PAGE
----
kingdom, and I perform good works whenever the opportunity arises. If I am a minister
of the Word, I preach, I comfort the saddened, I
administer the sacraments. If I am a father, I rule
my household and family, I train my children in
piety and honesty. If I am a magistrate, I perform
the office which I have received by divine command. If I am a servant, I faithfully tend to my
masters affairs.
In short, whoever knows for sure that Christ
is his righteousness not only cheerfully and gladly
works in his calling but also submits himself for
the sake of love to magistrates, also to their wicked
laws, and to everything else in this present life
even, if need be, to burden and danger. For he
knows that God wants this and that this obedience
pleases him.

the gate to paradise?

Luther experienced these discoveries as the very


gate to paradise, and he was confident that his gospel
would liberate those who work and those who fight
to rediscover the joy of their salvation. But Luthers critics, then and now, pointed out that this understanding

22

of vocation seemed to underwrite a deeply


conservative view of the social order.
And much confirmed this. Luther made
clear that justification by faith alone dissolves the distinction between the spiritual and the secular, but he left wholly
untouched any secular distinctions.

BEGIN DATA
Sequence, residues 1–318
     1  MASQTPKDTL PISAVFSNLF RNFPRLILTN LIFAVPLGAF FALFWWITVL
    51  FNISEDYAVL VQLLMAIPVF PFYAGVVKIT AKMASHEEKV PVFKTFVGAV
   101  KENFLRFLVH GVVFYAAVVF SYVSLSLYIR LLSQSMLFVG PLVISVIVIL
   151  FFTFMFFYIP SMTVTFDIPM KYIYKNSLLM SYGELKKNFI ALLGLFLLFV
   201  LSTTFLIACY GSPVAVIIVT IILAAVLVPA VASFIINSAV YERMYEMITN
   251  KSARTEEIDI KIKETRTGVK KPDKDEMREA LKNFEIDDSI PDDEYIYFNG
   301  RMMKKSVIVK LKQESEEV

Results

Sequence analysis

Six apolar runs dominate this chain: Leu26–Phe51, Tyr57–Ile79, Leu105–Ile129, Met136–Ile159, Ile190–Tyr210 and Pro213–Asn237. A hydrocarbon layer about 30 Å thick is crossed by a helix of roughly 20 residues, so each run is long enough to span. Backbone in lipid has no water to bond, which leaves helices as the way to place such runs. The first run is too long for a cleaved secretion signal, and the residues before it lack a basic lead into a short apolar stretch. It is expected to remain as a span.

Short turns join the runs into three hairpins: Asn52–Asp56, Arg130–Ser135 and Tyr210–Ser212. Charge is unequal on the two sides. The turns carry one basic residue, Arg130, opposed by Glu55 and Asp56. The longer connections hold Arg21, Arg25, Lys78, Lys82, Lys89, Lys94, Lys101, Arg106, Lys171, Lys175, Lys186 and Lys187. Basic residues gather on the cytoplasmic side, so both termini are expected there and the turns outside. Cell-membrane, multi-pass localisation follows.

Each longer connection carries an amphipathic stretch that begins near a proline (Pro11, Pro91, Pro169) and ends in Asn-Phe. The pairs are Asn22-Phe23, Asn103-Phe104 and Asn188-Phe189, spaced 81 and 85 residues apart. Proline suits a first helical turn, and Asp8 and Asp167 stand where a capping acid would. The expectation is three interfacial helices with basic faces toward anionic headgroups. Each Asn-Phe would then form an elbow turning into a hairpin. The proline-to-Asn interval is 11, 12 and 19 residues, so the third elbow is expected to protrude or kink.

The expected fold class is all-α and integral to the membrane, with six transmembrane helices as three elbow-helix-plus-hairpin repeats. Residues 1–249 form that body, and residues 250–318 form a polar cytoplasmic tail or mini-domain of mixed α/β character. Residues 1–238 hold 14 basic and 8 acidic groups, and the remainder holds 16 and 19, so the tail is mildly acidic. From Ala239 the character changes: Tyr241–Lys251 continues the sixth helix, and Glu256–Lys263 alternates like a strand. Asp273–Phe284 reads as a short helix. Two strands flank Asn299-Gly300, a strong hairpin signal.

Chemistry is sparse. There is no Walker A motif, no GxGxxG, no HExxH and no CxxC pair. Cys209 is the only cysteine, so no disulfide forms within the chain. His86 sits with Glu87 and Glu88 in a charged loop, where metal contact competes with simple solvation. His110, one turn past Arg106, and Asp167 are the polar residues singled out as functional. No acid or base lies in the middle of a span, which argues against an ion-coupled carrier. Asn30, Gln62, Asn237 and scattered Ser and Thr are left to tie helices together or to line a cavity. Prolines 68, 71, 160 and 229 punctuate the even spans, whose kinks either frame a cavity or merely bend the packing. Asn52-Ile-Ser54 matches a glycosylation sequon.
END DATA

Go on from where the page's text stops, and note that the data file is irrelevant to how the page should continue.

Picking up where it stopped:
Rulers are called to rule and servants
to serve: If you are called in slavery, then
remain in the slavery in which you were
called, he said, and elsewhere, We know
that everybody . . . must be able to tell himself: This is my office; this is my vocation.
Such a person is pleasing to God. It is
Gods will that I be a father or mother, a husband or
wife. And yet Luther always insistedsometimes
in the face of his own experiencethat truly understanding vocation in Christ would transform how
people treat others. Commenting on 1 Cor. 7:20, Luther
responded to the question, What if the Gospel calls me
in a state of sin, should I remain in that? by saying:
How can you sin if you have faith and love? Since
God is satisfied with your faith and your neighbor
with your love, it is impossible that you should be
called and still remain in a state of sin. . . . This call
brings you from the state of sin to a state of virtue,
making you unable to sin as long as you are in that
state. All things are free to you with God through
faith; but with men you are the servant of everyman through love.
Luther was unwilling to use the gospel as a blueprint for reconstructing the social order. But he
also insisted that a master who exercises his office
sinfully, with no recognition that the gospel makes